“Climate-change adaptation is not an exotic agenda that has never been tried. Governments, firms, and communities around the world are building experience with adaptation,” Field said. “This experience forms a starting point for bolder, more ambitious adaptations that will be important as climate and society continue to change.”

Future risks from a changing climate depend strongly on the amount of future climate change. Increasing magnitudes of warming increase the likelihood of severe and pervasive impacts that may be surprising or irreversible.
“With high levels of warming that result from continued growth in greenhouse gas emissions, risks will be challenging to manage, and even serious, sustained investments in adaptation will face limits,” said Field.
Observed impacts of climate change have already affected agriculture, human health, ecosystems on land and in the oceans, water supplies, and some people’s livelihoods. The striking feature of observed impacts is that they are occurring from the tropics to the poles, from small islands to large continents, and from the wealthiest countries to the poorest.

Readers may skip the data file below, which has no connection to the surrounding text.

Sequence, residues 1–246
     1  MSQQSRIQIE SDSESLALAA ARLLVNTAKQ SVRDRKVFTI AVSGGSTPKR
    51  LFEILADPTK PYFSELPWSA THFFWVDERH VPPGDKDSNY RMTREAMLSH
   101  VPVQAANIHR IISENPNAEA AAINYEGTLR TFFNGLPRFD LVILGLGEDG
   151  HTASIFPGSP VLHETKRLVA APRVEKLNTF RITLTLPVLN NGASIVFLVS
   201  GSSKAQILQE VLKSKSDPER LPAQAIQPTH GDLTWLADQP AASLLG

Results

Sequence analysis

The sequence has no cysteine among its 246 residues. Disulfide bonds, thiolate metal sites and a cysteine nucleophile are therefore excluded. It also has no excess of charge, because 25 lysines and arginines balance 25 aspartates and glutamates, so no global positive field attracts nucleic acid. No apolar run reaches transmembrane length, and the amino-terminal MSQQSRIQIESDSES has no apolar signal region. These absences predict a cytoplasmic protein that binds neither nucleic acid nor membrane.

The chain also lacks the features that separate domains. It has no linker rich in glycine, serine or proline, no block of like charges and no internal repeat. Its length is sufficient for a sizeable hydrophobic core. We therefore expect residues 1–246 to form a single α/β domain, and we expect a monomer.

“The report concludes that people, societies, and ecosystems are vulnerable around the world, but with different vulnerability in different places. Climate change often interacts with other stresses to increase risk,” Field said.
Adaptation can play a key role in decreasing these risks, Barros noted. “Part of the reason adaptation is so important is that the world faces a host of risks from climate change already baked into the climate system, due to past emissions and existing infrastructure,” said Barros.
Field added: “Understanding that climate change is a challenge in managing risk opens a wide range of opportunities for integrating adaptation with economic and social development and with initiatives to limit future warming. We definitely face challenges, but understanding those challenges and tackling them creatively can make climate-change adaptation an important way to help build a more vibrant world in the near-term and beyond.”
Rajendra Pachauri, Chair of the IPCC, said: “The Working Group II report is another important step forward in our understanding of how to reduce and manage the risks of climate change. Along with the reports from Working Group I and Working Group III, it provides a conceptual map of not only the essential features of the climate challenge but the options for solutions.”